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Review of The Last Remarks  
In affiliation with Showering Acts of Joy Group  
Rated: 18+ | (5.0)

This is too good for someone your age. Come on, 'fess up. Who did you steal this from? Don't make me look in the library or Google the real author. Did you change the name or leave it the same? I'll find out, no matter what, you know.

Okay time to get serious. This is a very dense piece of work. That's both a blessing and a curse sometimes. Pieces like this need to breathe, and the way you do that is to break things up a bit. You need to paragraphinate, except there is no such word. If there was, it would mean you need to convert this into bunches and bunches of new paragraphs.

It all stays the same, it's just easier to read, it looks better, more inviting, and is just generally a better way to do this stuff. A lot of folks have trouble deciding where to create new paragraphs, and that's a big part of the problem. Once you get the hang of it, it's actually quite simple. And it's fun besides.

If you'll permit me, I'd like to paragraphinate your entire item. This would not only show you how relatively easy it is to do, but will hopefully demonstrate how fast it goes, also.

There's some interesting grammar issues that also arise with these more complex stories, and while this seems pretty straightforward, it is indeed a very complex tale. One that reads as a fascinating cross between Pygmalion and that Bill Murray movie where he had to repeat every day over again, which itself is a theme based on a far more serious story called, "12:01".

I'm looking forward to reading this a third time, so that I get it all. I'm sure I missed bits and pieces and it will be fun going back and picking them up. Even with it's share of errors and mistakes, this is a five-star winner of a short story. I really liked it, and although I don't say it very often, once in a while you read something where "love" isn't all that much of an exaggeration. In that sense, I can honestly say I loved this story.

But it needs some work. Editing never ends and even among the finest pieces, rough edges still need smoothing out.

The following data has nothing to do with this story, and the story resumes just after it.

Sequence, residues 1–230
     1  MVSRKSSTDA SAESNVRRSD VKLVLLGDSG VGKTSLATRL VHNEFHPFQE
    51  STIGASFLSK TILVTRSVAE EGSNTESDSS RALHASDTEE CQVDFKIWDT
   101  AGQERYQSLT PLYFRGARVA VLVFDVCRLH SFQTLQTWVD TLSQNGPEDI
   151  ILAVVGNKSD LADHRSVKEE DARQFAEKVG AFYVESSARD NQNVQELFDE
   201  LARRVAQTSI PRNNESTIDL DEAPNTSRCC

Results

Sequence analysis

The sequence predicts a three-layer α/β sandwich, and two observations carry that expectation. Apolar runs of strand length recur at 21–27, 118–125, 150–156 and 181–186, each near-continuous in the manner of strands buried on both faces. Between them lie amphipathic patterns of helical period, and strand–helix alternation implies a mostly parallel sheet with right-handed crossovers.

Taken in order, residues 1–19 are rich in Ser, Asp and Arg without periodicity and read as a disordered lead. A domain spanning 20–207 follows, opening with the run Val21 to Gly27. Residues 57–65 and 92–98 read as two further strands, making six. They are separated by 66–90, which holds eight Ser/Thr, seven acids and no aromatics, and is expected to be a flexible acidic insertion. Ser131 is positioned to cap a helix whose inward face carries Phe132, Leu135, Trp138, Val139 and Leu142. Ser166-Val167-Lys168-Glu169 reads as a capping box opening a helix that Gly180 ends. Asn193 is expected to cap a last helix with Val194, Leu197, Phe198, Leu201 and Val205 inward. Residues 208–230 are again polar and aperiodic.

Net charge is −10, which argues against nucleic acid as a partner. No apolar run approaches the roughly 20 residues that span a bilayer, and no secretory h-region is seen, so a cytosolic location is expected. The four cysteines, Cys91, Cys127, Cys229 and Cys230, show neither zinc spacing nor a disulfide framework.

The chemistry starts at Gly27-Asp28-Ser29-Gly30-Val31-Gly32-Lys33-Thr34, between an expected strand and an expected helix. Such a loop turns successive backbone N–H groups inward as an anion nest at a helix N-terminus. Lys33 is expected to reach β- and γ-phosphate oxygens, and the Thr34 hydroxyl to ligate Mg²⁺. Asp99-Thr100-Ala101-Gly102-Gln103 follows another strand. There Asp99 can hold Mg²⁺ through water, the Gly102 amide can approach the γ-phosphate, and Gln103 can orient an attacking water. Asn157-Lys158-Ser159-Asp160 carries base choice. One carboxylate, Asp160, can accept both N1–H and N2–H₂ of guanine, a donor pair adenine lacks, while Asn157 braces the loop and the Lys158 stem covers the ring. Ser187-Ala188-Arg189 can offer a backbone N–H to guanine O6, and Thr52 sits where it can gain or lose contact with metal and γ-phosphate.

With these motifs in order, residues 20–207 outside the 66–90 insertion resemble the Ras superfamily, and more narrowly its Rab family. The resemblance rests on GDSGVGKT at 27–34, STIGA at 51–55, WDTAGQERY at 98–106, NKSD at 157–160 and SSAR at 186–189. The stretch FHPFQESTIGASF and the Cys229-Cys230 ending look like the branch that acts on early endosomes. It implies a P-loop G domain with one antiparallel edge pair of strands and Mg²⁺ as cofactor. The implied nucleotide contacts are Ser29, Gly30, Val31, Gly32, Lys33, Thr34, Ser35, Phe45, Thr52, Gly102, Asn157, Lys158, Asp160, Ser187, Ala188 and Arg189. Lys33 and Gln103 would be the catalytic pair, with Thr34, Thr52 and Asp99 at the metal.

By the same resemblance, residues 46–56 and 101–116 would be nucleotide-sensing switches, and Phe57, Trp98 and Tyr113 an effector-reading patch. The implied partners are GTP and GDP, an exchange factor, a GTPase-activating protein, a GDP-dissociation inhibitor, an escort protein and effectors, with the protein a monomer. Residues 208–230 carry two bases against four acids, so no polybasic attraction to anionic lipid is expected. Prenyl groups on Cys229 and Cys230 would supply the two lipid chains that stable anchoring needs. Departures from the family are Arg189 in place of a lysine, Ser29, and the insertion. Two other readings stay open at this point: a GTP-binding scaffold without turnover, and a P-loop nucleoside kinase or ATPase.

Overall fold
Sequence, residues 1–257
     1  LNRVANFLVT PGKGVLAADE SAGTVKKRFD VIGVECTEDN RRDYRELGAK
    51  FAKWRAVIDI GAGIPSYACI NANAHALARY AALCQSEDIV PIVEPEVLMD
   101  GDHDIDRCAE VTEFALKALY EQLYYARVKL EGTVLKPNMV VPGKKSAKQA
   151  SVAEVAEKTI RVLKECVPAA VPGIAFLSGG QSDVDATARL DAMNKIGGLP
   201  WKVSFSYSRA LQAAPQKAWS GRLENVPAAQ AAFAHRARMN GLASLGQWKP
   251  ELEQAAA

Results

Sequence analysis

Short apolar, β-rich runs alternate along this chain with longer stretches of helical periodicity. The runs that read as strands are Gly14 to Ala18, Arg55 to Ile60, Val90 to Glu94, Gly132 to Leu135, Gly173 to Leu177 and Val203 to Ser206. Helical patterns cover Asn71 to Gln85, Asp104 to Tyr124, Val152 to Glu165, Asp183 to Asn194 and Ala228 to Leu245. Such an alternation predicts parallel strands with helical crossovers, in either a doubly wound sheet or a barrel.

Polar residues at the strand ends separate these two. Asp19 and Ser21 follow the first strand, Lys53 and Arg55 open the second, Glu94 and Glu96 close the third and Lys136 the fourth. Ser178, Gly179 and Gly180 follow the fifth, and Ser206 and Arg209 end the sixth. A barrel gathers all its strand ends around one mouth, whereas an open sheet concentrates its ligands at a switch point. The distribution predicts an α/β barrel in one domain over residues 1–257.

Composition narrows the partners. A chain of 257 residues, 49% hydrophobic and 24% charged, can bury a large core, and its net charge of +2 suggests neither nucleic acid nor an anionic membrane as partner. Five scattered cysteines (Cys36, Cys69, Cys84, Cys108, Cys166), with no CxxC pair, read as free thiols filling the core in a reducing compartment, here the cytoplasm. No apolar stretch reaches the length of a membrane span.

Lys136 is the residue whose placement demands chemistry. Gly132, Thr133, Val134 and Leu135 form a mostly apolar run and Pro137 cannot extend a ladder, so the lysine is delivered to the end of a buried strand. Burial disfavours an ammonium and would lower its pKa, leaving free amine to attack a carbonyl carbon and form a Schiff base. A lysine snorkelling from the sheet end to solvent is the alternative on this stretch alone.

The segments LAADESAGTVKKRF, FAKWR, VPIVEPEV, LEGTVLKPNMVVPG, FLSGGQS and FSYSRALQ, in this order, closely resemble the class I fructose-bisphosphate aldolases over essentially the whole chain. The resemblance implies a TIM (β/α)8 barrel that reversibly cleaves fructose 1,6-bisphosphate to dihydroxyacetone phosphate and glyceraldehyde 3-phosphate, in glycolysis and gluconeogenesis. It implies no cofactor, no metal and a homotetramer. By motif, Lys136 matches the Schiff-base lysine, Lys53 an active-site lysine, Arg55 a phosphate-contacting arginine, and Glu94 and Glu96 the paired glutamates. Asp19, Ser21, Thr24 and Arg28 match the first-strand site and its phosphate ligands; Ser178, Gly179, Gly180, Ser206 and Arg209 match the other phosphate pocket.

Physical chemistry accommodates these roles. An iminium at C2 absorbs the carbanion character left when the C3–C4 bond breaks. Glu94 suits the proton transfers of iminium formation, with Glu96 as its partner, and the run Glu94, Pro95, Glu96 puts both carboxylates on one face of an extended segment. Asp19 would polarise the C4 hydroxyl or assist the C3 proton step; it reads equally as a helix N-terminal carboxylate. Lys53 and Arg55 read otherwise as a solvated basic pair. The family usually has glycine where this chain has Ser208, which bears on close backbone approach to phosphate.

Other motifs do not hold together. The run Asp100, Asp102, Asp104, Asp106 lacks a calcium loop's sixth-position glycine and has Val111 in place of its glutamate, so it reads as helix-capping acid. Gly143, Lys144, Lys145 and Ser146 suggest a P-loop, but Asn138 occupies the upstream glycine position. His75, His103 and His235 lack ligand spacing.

For now, rather than deconstruct the story itself and go into this, and out of that, it desperately needs to be paragraphinated. You'd think there would be a word for that, but if there is, I sure don't know it.

So, with your permission, when I get it, I'll revisit this piece and convert it into a much different-looking work. None of the words will be changed and as I said, all else remains the same for now. Only afterwards, can we take a look at some other important issues which deserve our attention.

Until then, this is a minor masterpiece that comes across as having been written by a real pro. Which reminds me, I'm still waiting to hear who really wrote this. Was it Stephen King, or Dean Koontz? I promise not to tell.


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Rated: E | (4.0)
Hi, Zesty,

Okay, let's see how many adjectives I can conjure that will both describe this zany piece and do it poetic justice.

It's scary, it's funny, it's spooky, and silly, and funny (that deserved a second mention) *Smile* and it's mysterious, and just generally icky.

I think that about covers it. The piece reads like this bizarre mix where The Addams Family, The Munsters, Frankenstein, Dracula, and others are all enjoyably jumbled together, and we're left with something original and interesting, instead of a rehash of old material. Well done, I must say.

This is one of the stories where the reader shouts out, maybe literally, to the main character and says, "No! Don't do it. Don't go!" And especially, "Don't eat anything!" In this case, it's liable to bite back and eat the guest.

This is also one of those weird tales where someone asks, "Why?" To which the obvious answer, to many of us, is, "Why not?" Some things just are what they are and this is certainly one of those.

My only criticism is that the punctuation is all over the map, as they say. I could show you what's needed, but you first have to care, which is not always the case, and secondly, you need to learn where it's wrong, and why. That needs a much longer review. And not many care to get into all that.'